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Old 05-19-14, 09:48 AM   #21
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Update: I may have found a respectable solution to the added-quill funkiness. Suntour ratchet Powershifters on a modified Huret downtube mount that happens to fit the Stem Raiser pretty nicely. No clue why this mount had cable stops, but I'm willing to take advantage of its versatility.



This mounting solution isn't as nice as the fancy IRD stem mounts for traditional quill stems, but it allows the levers to clear the clamp-on stem and so far seems to work nicely. There's no over-travel stop for the levers, but I don't think that'll be a problem in practice.



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Old 05-22-14, 01:20 PM   #22
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That setup looks a lot more elegant. I think Huret put cable stops on the band because that's the way the French do it. I've seen a similar setup on the old Simplex plastic shifters, including an oddball single sided number on a 70s Peugeot that had a braze on mount for the rear derailleur and and a clamp on for the front derailleur because Peugeot used the same frame for both5 and 10 speed bikes.
Have you considered getting thumb shifters or trigger shifters? The Falcon 7 speeds are kind of nasty but Microshift makes nice looking Rapid Fire style shifters and some very nice thumb shifters or you could get conversion mounts for your bar ends.
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Old 05-23-14, 07:35 AM   #23
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Thumbshifters were actually my first idea. I think I'd like this sort of arrangement since recent experiments with shifters on top of the bar have been kind of annoying, but I wasn't able to make that work with the shift and brake levers I have. Looks like I may have to get the Tektro FL750 or VO City levers to really make that work, and I think that'd in turn mean converting to cantilever brakes ... not that I'm not sort of considering that anyway, but all that may be a bag of worms for sometime in the future!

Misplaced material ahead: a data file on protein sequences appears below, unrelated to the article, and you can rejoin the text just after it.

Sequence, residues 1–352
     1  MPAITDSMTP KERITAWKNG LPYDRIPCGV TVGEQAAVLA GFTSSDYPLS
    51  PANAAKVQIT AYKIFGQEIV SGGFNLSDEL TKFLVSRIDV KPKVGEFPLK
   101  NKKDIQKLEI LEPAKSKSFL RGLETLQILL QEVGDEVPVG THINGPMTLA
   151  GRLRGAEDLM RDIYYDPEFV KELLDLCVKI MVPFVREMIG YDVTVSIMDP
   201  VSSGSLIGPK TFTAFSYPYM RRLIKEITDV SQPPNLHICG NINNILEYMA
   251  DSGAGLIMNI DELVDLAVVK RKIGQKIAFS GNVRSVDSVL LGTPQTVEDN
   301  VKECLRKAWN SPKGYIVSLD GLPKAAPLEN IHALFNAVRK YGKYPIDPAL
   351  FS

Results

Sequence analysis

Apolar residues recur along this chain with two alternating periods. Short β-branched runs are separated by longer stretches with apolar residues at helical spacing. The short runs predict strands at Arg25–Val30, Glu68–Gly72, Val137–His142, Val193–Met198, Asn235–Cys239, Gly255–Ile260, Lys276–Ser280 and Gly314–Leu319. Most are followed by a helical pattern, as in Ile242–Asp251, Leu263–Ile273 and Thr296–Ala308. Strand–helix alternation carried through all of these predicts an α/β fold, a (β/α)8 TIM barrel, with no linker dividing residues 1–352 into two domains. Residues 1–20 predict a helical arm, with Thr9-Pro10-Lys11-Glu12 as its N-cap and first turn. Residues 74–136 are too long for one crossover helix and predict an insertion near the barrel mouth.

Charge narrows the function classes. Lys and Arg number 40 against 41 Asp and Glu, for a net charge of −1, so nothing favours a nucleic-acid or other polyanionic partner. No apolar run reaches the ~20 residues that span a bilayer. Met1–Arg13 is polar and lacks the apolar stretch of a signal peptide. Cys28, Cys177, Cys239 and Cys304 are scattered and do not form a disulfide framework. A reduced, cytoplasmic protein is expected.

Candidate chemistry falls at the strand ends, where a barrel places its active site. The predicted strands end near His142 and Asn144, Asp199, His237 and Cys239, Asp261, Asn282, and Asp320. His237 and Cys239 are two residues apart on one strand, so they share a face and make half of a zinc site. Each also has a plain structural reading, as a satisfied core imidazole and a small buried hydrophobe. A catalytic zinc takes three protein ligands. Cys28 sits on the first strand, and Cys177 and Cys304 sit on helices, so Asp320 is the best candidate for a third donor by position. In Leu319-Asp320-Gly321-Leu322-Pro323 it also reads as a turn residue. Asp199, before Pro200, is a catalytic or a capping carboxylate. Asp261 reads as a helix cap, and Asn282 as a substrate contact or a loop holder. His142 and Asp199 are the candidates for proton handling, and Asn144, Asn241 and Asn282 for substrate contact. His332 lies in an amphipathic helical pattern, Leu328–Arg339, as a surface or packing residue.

EDIT: Scratch that about having to swap brakes if I get low-profile levers - I hadn't known about the Tektro CL740 brake lever, which is the same design but for V brakes.

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Old 06-15-14, 08:22 PM   #24
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Bit of a thread bump, now that I have done some mods to my Nashbar and have some pictures. I believe I am the third owner and the second owner just swapped pedals and saddles so the pretzel bars, Specialized captain's stem and the stoker's bar ends are down to the first owner, along with the rather kludgy rear rack. My mods were aimed a better braking and nicer seatposts, plus the essential fenders. This overall shot shows the double leg kickstand (Ultracycle brand but the same basic part as the Velo-Orange). The area around the chainstay bridge is very tight and I had to replace the fender bolt with a zip tie to make room for the kickstand, chain clearance is also tight but the conveience is worth it. The black single bolt seatposts in place of the silver straight posts (Nashbar for the stoker, Kalloy for the captain) and the new stoker post is at least a pound lighter which makes up for the weight of the kickstand.. I also upgraded the brakes with Koolstop Salmon/Black pads (more progressive than Salmon) and some minor drum brake tweaks I'll put in the next post. I also swapped the Terry stoker's saddle for a Bontrager part since my daughter wanted more padding.
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Old 06-15-14, 08:27 PM   #25
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The rear drum got a Tandems East quick disconnect cable anchor, and an Allen head bolt in place of the original Phillips head for the brake torque arm to make rear wheel removal easier. You can also see the big Phillips head screw for the rack where somebody hogged out the eyelets from M5 to M6, except for the left fender stay.

Next items on the list are to replace the bar tape with Grab-On foam grips, get a WTB saddle for the captain and maybe some Microshift 7 speed triggers to replace the Shimano twist grip shifters. Not shown in are the circa 1978 Cannondale panniers that haul our stuff, and the Detours handlebar bag on the stoker's bars for odds and ends.